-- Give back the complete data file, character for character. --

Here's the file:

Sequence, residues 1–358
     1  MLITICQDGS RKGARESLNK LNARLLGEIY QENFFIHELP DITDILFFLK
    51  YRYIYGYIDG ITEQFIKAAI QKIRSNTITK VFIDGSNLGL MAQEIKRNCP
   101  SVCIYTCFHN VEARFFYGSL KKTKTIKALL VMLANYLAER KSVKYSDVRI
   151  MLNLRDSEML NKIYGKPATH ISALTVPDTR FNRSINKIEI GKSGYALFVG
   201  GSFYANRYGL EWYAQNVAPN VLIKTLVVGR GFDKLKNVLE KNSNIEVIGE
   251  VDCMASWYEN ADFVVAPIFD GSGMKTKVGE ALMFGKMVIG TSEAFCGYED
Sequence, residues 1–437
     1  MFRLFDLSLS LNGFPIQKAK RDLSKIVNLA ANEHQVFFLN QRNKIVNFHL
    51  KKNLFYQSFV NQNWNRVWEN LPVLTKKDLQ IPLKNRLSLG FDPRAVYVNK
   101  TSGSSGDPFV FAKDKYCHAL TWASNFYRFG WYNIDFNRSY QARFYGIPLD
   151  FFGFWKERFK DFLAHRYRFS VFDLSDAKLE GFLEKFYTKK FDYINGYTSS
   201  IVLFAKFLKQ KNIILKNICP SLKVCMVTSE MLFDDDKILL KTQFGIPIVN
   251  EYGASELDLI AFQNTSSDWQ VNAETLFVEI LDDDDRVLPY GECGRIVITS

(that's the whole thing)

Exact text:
Sequence, residues 1–358
     1  MLITICQDGS RKGARESLNK LNARLLGEIY QENFFIHELP DITDILFFLK
    51  YRYIYGYIDG ITEQFIKAAI QKIRSNTITK VFIDGSNLGL MAQEIKRNCP
   101  SVCIYTCFHN VEARFFYGSL KKTKTIKALL VMLANYLAER KSVKYSDVRI
   151  MLNLRDSEML NKIYGKPATH ISALTVPDTR FNRSINKIEI GKSGYALFVG
   201  GSFYANRYGL EWYAQNVAPN VLIKTLVVGR GFDKLKNVLE KNSNIEVIGE
   251  VDCMASWYEN ADFVVAPIFD GSGMKTKVGE ALMFGKMVIG TSEAFCGYED
Sequence, residues 1–437
     1  MFRLFDLSLS LNGFPIQKAK RDLSKIVNLA ANEHQVFFLN QRNKIVNFHL
    51  KKNLFYQSFV NQNWNRVWEN LPVLTKKDLQ IPLKNRLSLG FDPRAVYVNK
   101  TSGSSGDPFV FAKDKYCHAL TWASNFYRFG WYNIDFNRSY QARFYGIPLD
   151  FFGFWKERFK DFLAHRYRFS VFDLSDAKLE GFLEKFYTKK FDYINGYTSS
   201  IVLFAKFLKQ KNIILKNICP SLKVCMVTSE MLFDDDKILL KTQFGIPIVN
   251  EYGASELDLI AFQNTSSDWQ VNAETLFVEI LDDDDRVLPY GECGRIVITS